Therefore, the cost of annotations can be reduced even further, as no distinguished expert is necessary. Regarding the hand bone age problem, there exist two classical methods which are employed by radiologists to determine the bone age. The Greulich-Pyle method takes the whole hand image into account and compares it to an atlas of radiographs. While this is the easier of both methods, the inter-rater as well as intra-rater variability is quite large [ 21 ]. The second, and more often used, is the Tanner-Whitehouse method. Here, 13 selected hand bones are examined for their ossification stage.

These are individually scored based on their textual appearance and then combined into a single score, using race as an auxiliary factor. Automation of these methods has been attempted many times over the years, e. A review can be found in [ 23 ]. One particular method, the FingerNet, was proposed in [ 24 ]. There, a special deep network is constructed to detect the joints and trained on images segmented by an expert radiologist.

In [ 25 ] hand bone age is estimated from 3D MRI volumes. Using deep learning, [ 26 ] constructs a regression network, called BoNet, based on the OverFeat model. Both do not detect joints, but in a post-hoc analyses they show that the networks mainly take the ossification areas into account to determine the bone age.

In [ 28 ] the authors constructed a two stage neural network for locating carpal bones in hand radiographs for the application of bone age assessment. At first, a focussing network identifies the center point of carpal bones. Afterwards, the identified regions of interest are processed by another network to classify the bone as one of seven carpal bones. Each classifying network was constructed differently for each carpal bone in order to ensure a sufficient receptive field. Recently, several end-to-end object detection algorithms were developed. Regarding the bone age assessment, using an object detector network yields several advantages.

First, radiographs have usually a much higher image resolution than current network architectures can process due to limited memory. By identifying the ossification ROIs, high resolution patches can be extracted which retain all relevant bone details. Second, each individual region gets scored and therefore the final age prediction is the result of ensembling over all ossification regions. Third and most importantly, the outcome of such a two-stage system is more interpretable by the radiologist and therefore increases the clinical acceptance of such a method.

We have shown that with even few data deep networks can be trained and successfully applied to detect joints and ossification areas. The key ingredient was a freely available, pre-trained neural network object detector. Using pre-trained models as a starting point for training a generalizable model with only small datasets has also been proven by other researchers [ 3 ].

To understand how the size of the annotated dataset is related to the performance of the detection network, we simulated the annotation process by subsampling the data. To ease the annotation process, we adapted an open source segmentation tool to our needs. In detail, all classes benefitted strongly from more data, except for the Wrist, where the positive trend was not as pronounced. Looking at the region sizes in Fig 4 , the Wrist and Radius were the two largest classes in terms of spatial dimensions. This might have be caused by the Faster-RCNN configuration, which uses by default box proposals of size 64, , , and px.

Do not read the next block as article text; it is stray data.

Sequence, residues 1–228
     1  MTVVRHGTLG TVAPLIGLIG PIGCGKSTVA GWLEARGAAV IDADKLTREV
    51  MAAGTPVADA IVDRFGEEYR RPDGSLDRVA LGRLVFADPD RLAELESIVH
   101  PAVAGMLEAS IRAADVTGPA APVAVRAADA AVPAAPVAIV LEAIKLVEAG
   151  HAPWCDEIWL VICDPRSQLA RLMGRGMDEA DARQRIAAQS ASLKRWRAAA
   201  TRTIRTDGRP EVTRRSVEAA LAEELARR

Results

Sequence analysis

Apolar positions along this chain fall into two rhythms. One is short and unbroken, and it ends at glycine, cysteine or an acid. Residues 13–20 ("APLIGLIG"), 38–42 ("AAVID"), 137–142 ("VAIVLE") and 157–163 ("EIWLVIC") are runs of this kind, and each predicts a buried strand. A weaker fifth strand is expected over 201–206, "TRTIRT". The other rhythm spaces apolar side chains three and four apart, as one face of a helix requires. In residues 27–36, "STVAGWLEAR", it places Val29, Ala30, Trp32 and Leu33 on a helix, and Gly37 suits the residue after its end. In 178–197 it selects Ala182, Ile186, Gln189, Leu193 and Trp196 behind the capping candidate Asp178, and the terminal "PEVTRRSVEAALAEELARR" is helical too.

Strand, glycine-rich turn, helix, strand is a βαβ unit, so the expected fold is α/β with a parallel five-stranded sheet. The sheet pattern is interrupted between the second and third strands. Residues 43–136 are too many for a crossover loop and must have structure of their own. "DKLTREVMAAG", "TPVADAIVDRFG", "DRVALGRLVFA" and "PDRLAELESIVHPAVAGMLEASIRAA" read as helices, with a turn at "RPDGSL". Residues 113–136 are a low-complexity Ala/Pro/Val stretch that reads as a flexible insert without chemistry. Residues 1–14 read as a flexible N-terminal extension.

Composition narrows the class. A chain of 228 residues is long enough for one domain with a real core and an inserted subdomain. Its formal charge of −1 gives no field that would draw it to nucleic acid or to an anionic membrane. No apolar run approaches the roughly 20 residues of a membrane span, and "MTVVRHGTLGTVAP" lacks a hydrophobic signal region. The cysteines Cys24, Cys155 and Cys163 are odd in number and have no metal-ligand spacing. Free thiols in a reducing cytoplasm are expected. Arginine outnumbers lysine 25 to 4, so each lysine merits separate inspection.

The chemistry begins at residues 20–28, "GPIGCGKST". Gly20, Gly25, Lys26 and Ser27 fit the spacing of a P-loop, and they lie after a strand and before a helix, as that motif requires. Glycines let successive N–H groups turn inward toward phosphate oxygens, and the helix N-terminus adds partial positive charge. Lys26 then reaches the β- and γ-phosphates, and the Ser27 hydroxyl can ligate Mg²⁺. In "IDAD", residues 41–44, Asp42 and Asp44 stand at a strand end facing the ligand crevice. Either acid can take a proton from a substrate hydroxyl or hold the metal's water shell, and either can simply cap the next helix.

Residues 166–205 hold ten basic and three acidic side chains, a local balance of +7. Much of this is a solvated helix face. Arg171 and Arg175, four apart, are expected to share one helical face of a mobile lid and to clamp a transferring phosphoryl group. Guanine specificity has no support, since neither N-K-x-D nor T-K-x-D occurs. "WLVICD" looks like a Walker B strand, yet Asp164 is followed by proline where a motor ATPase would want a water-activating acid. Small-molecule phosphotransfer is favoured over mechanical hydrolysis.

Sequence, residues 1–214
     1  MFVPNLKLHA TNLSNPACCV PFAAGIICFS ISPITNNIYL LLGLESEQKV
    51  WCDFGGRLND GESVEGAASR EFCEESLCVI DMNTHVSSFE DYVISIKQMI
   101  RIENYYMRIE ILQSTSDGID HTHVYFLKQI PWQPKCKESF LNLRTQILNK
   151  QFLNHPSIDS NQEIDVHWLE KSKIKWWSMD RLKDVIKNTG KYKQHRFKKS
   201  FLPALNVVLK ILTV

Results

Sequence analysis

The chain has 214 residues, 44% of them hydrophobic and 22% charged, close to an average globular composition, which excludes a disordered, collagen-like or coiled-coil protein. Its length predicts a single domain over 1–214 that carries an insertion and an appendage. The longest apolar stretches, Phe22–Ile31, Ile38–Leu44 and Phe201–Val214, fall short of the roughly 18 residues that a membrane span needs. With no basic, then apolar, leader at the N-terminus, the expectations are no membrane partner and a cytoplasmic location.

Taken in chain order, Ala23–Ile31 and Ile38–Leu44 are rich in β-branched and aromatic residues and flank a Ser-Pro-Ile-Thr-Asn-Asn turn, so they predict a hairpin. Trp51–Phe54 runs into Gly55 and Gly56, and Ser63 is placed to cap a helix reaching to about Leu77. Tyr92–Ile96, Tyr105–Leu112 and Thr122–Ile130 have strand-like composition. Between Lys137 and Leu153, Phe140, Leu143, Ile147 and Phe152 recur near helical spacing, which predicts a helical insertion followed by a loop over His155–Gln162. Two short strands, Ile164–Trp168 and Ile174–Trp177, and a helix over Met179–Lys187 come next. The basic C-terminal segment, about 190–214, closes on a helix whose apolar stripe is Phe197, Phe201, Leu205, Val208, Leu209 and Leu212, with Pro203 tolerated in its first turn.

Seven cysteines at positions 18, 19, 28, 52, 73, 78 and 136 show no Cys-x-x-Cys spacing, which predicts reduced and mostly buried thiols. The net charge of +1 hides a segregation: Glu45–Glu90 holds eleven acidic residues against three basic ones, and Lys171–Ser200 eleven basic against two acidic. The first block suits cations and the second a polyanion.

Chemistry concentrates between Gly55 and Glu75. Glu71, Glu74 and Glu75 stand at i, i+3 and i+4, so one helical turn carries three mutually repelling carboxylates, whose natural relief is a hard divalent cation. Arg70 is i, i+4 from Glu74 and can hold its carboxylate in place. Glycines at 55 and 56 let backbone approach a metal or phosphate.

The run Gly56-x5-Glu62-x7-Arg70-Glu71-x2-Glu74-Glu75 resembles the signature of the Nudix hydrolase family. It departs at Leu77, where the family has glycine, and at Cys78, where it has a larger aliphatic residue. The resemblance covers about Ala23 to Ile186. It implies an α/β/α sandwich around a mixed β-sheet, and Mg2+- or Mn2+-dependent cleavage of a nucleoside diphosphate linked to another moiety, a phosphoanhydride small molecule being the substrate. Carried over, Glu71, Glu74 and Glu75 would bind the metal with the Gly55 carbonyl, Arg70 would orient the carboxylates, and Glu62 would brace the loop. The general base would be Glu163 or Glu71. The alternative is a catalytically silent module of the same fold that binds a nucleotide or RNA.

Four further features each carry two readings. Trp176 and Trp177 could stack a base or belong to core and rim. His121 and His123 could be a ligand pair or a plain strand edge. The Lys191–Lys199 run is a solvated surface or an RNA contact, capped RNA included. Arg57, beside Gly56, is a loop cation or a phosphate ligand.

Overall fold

This relation was also reflected in the standard deviations, where larger regions had less variation than the smaller regions. One explanation could be that smaller regions of interest contain less information to discriminate and therefore more training data is needed to successfully classify a box proposal as one of the classes of interest. The importance of using pre-trained weights was very evident when training the network with randomly initialized weights.

The performance on the validation sets was nearly zero, i. This behaviour was not unexpected, as the network contains millions of parameters which cannot be trained by just a few annotated images, and underlines the importance of pre-trained networks. Regarding the agreement of the expert vs non-expert annotation, it was not surprising that the non-expert annotations matched the predictions better than the expert annotations as the network was trained on the former.

Still, both had a rather high agreement, as can be seen from the iota coefficient, so that the central points of the expert annotated ROIs were mostly matched by models trained on non-expert annotated training data. However, MCP was the class with the greatest loss, since the medical definition differs a lot for the middle finger and thumb [ 32 ]. The difference could be reduced by declaring the underlying definition in advance and will be application dependent. There are some improvements that our study could benefit from: While X-ray images tend to be visually rather consistent over different sites, we only used the RSNA dataset.

External validation data would be necessary to judge the generalizability of the network. Furthermore, we only used annotations from one radiologist expert, thereby we cannot consider inter-observer variability.

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Another possible extension to this workflow could be to utilize a self-learning approach [ 33 ]. By applying very strict rules for annotation candidate selection, the number of images with wrong and corrupting training material could be reduced to a minimum.

RAD 1226 Spatial/Contrast Resolution Radiography